- Retail Marketing is about delivering a proposition (supply side) that meets a customers needs (demand side).
- By now you understand that the proposition is more than product, but the whole ‘package’ wrapped up in price & presentation.
- We also know that ‘product’ is not the ‘steak’ but the ‘sizzle’.
That is the supply side taken care of, now we need to look at the ‘demand side: what do customers want?
In previous post we stressed that people are strongly influenced by avoiding ‘pain’ – rather than the benefit of owning something.
For instance, in my business, one of the divisions offer nationally accredited training. (I.e. certificates as offered byTAFE, funded by the Government.) However, most retailers don't find that an 'attractive offer, even though it is effectively free! ("It is a hassle, it impacts on operations, the staff will leave soon anyway - why bother" - etc.)
We therefore developed the package in such a way that the whole program is geared towards making staff more productive.
We address the 'pain' in the retailer's world of having to pay for people who are unproductive and just hanging around when they could be adding value.)
Another example: When a customer reacts to “last few remaining” or “limited time”, they are strongly motivated by the anticipated regret (= pain), and less so by owning the soon to be extinct ‘offer’. (Although they must have some rationalisation for making the purpose of course.)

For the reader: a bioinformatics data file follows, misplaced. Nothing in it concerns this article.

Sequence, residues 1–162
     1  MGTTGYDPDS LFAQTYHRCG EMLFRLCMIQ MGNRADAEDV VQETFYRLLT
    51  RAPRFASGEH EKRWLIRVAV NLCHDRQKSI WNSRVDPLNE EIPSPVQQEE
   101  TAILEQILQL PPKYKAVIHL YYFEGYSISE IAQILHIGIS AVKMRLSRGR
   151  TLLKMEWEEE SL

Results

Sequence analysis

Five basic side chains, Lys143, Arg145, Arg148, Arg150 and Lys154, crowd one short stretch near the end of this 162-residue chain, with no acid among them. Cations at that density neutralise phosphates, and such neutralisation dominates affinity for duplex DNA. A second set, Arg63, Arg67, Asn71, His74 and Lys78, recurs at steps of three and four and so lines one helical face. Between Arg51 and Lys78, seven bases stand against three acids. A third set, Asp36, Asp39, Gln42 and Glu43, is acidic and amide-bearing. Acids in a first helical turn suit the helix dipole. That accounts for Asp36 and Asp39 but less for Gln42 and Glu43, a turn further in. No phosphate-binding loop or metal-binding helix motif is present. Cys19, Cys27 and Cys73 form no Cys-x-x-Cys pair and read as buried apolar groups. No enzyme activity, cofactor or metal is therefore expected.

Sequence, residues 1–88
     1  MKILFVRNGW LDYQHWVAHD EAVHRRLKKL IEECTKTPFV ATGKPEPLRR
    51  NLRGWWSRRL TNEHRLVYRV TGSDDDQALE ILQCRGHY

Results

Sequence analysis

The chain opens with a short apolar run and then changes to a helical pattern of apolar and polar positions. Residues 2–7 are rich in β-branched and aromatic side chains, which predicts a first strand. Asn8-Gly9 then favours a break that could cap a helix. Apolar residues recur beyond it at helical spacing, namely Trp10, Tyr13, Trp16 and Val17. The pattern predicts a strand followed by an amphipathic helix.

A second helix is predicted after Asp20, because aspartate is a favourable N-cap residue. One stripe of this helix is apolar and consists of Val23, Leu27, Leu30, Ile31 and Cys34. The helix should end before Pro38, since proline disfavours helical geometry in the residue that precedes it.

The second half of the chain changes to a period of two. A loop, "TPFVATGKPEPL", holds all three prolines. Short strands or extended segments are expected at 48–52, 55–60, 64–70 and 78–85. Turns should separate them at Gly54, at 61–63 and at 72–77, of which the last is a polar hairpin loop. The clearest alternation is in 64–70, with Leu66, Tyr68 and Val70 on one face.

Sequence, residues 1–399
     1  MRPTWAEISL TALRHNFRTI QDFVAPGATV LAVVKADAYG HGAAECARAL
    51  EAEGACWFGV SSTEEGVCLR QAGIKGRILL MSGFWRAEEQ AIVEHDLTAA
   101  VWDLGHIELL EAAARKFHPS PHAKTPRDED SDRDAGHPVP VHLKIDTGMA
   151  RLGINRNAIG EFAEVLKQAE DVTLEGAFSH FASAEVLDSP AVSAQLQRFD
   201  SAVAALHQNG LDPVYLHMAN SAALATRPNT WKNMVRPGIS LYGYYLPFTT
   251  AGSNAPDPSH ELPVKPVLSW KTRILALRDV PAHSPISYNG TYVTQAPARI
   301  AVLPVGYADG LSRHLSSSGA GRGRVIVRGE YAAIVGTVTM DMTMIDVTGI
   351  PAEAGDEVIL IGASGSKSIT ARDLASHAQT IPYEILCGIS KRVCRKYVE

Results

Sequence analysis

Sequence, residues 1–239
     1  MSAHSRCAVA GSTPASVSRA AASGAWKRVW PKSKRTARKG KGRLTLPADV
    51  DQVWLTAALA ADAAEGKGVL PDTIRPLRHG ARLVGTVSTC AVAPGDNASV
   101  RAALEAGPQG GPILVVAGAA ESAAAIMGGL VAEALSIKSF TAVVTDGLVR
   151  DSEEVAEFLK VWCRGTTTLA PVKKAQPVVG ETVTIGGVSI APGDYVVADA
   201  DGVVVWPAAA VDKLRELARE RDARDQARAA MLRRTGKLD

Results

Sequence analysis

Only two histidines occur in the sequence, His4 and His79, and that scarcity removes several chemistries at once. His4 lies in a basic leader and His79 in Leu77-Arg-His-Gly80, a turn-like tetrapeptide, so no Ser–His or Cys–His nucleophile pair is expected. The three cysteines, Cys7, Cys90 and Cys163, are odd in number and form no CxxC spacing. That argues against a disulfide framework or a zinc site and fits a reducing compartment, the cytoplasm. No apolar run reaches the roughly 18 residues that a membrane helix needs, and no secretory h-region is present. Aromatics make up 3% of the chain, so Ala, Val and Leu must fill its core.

At a macro level the ‘need’ is the need to ‘survive’. Survival instinct is the strongest motivator: and your job is to find out how it manifests in your industry/ category. (Physical survival = eat, drink, sex etc. But also survival of ‘self image’, survival of your ‘status’ in the eyes of others and ‘social’ survival etc.)
- A need is fundamental and generic. (E.g. Food. Think Maslow’s hierarchy of needs)
- A want is that same need shaped by culture (E.g. not just food, but a hamburger.)
- Market demand = wants + money available to satisfy the want.
So, how do you convince the customer that your retail proposition is the best way to satisfy their wants?
The governing principle that applies to whatever you do in the act of persuasion and selling is ensuring that you demonstrate how your proposition reduces/eliminates their pain. This is known as Omega Strategies. (This is the new way of selling.)
This approach is supported by Alpha strategies – which provide information on features, advantages and benefits that give people the opportunity to (post-) rationalise their initial ‘decision’. (This is the 'old' way of selling.)